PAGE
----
Synopsis: After R (a highly unusual zombie) saves Julie from an attack, the two form a relationship that sets in motion a sequence of events that might transform the entire lifeless world. (Source)
Frankly speaking, you’ll be hard pressed to find zombies and optimism together in the same sentence or thematic stable. Since breaking into the mainstream with the George Romero’s legendary Night of the Living Dead, the living dead metaphor has been a favorite for those wishing to mine the worst and most nihilistic qualities of our flawed human nature. Enter Jonathan Levine’s Warm Bodies. An adaptation of a novel sharing the same name, the film is a much needed twist on the subject matter and romance for that matter, pulsing with life despite it’s tricky premise and a plethora of things which could’ve easily culminated in a disaster. Instead, Warm Bodies miraculously revives a slowly dying genre with the most deadliest of weapons: heart, laughs and plenty of hope.
In just one of the film’s many clever twists, the story is narrated and centered around a zombie named R (Nicholas Hoult). For R, everyday consists of the same thing, wandering the airport and trying to envision what he and his community of undead might’ve been like before they befell their current states. And while R might seem lifeless from the outside, his mind is actually pulsing with thoughts and ideas, he just can’t put them all together or articulate them mentally or physically with any of his “friends”. Then one day, while scavenging for some food (living people), he comes across a group of survivors looking for medical supplies. After an unfortunate event which I dare not spoil, R ends up saving a girl named Julie (Teresa Palmer) and then taking her back to his derelict airplane where he lives. Before you know it, there’s a tricky star-crossed romance (loved the Romeo and Juliet call-outs) involved and something strange begins to happen — R’s heart begins to slowly beat and the two develop a spark which just might the world back to life. What follows is a film that has enough to satiate most horror fans looking for something different and a broad audience in need of a relevant message.
Perhaps the best thing you can say about the film’s story is that it’s undoubtedly one of the most inspired uses of the zombie metaphor we’ve seen in a long while. Sure, it may be too literal for some, but there isn’t anything wrong with that here because it’s conceit is so sincere and genuinely needed. Thankfully more Shaun of the Dead than Twilight, the film underplays it’s central romance to focus it’s story about the importance of human connection. Despite a few contrivances, I was quite surprised at how naturally the love story progressed within the story, with a balance that gave it’s conceit a purpose rather than an empty focus. In addition, the post apocalyptic world depicted here is brilliantly grounded in the internal viewpoint of it’s undead that it feels no different from the world we live in today. For example, people go about the same daily routines, most without really putting much thought into what they’re doing and being completely unable to connect. But don’t let all of this fool you into thinking this is some heavy movie intent on prying your eyes awake by shock and darkness. The film understands the absurdity of it’s zom-rom-com undertones and tastefully manages it’s darker issues to deliver entertainment that’s lighthearted, full of laughs yet not completely devoid of substance.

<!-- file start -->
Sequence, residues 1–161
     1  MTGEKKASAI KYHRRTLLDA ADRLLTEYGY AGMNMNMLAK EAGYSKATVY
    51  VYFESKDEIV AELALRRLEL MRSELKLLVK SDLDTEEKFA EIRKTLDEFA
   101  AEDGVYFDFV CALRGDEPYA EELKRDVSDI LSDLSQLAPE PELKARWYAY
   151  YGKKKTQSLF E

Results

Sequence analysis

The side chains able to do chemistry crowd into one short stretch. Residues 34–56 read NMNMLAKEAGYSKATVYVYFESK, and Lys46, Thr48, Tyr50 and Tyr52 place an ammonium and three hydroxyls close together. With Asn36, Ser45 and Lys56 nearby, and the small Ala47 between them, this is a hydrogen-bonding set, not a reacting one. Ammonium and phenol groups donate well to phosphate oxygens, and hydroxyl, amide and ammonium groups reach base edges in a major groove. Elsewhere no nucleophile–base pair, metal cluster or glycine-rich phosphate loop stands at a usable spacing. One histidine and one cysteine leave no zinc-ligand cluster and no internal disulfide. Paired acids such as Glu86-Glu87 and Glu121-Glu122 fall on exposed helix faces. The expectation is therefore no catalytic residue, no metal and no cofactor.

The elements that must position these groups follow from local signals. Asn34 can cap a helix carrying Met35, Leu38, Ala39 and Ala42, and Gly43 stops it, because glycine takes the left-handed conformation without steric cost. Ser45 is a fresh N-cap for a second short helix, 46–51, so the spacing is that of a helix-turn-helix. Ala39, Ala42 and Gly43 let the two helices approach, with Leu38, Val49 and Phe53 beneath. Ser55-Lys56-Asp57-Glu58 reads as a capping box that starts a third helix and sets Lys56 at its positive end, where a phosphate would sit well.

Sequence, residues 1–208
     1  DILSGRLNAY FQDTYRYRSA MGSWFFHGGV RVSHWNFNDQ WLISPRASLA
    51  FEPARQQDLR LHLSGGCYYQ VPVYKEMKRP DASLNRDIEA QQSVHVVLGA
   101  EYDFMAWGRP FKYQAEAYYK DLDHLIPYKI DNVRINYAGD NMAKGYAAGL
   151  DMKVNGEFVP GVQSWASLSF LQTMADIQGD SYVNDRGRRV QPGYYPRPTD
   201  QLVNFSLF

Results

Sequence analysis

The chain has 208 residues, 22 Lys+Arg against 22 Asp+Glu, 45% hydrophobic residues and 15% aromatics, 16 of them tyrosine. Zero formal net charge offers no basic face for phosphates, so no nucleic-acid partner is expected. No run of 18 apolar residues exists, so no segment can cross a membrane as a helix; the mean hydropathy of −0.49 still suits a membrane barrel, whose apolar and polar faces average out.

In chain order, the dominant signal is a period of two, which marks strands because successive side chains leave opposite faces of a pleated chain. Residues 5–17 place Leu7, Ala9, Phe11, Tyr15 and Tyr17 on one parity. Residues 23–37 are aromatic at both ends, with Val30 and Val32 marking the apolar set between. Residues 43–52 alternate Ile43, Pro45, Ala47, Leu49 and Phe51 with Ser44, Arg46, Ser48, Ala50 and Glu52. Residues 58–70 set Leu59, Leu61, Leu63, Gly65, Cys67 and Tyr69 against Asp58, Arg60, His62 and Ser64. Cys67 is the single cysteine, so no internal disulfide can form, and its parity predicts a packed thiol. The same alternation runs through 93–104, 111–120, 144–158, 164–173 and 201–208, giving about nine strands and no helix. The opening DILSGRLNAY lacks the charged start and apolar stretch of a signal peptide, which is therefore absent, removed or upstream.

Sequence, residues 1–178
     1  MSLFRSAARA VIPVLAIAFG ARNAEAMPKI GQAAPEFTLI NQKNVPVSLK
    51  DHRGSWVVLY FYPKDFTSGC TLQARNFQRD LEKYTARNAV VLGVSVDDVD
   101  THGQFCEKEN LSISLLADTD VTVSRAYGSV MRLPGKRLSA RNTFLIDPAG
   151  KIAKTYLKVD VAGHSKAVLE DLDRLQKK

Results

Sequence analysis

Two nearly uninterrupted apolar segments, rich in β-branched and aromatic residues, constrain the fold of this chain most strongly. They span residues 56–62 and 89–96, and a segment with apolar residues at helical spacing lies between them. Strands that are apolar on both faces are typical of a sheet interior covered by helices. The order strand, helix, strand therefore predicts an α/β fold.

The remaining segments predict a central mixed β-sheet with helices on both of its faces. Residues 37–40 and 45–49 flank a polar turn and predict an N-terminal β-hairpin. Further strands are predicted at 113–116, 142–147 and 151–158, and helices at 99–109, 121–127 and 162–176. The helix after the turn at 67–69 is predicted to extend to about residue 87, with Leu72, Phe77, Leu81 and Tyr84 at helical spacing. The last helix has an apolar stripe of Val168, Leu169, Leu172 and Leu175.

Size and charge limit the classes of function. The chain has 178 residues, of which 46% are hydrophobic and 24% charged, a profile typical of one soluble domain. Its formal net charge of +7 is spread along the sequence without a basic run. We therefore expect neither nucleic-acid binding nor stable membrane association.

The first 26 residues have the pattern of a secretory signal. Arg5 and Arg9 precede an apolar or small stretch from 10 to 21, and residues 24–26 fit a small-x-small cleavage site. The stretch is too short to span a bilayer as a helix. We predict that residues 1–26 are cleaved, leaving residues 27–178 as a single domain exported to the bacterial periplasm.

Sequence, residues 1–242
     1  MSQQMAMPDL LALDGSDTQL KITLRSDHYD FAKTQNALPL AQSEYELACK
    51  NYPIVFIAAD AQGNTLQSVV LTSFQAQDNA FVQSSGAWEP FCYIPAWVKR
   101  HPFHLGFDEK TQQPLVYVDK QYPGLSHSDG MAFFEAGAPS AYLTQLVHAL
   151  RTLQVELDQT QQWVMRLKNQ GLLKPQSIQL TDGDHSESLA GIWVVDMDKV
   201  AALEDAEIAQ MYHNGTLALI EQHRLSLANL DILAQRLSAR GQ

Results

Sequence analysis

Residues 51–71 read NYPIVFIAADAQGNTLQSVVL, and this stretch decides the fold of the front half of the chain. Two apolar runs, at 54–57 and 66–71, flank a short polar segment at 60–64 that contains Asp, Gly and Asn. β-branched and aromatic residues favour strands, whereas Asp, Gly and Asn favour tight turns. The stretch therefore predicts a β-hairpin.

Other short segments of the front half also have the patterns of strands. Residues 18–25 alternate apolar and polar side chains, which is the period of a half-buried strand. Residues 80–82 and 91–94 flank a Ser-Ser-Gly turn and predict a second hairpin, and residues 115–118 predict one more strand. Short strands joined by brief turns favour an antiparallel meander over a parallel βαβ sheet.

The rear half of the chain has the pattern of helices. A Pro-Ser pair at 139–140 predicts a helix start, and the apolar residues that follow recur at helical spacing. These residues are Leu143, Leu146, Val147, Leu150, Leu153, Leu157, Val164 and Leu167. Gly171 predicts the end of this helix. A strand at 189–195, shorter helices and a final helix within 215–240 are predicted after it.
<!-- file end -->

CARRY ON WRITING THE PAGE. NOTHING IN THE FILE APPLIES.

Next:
The film’s other selling point is undoubtedly it’s characters. While R is the only one really fleshed out, the strong cast and their chemistry keeps us wonderfully engaged throughout. In fact, the best parts of the film have to do with character beats. Nicolas Hoult’s R is actually a pretty rad dude who scavenges vinyl and various little chotchkes and there’s a hilarious moment in which R first sees Julie and immediately hears John Waite’s “Missing You” in his head (the film’s soundtrack is amazing by the way). Hoult is a great young actor, and given that most of his audible vocabulary consists of monosyllabic words and responses, he’s great at remaining likable and charismatic as opposed to just being a lovable grunt like Day of the Dead’s Bub. As Julie, Teresa Palmer has a nice chemistry with Hoult and we’re less interested in whether they’ll end up together than how they can help each other see the light in their less-than-ideal situations. The real head turner though is Rob Corddry as the undead M. Though he gets a few laughs, he’s much more believably serious here, as one of R’s friends who begins to “feel” again.
No matter how you slice it, chalk this one up as an achievement for director Jonathan Levine. He’s created a brave little film here, including what’s possibly the best explanation for why zombies eat brains and successfully turning what could’ve been another YA bore into something smart and charming. Warm Bodies is filmmaking with heart, plain and simple, and I’ll gladly take it as Summit’s reparation for Twilight.
Crome Rating: 4/5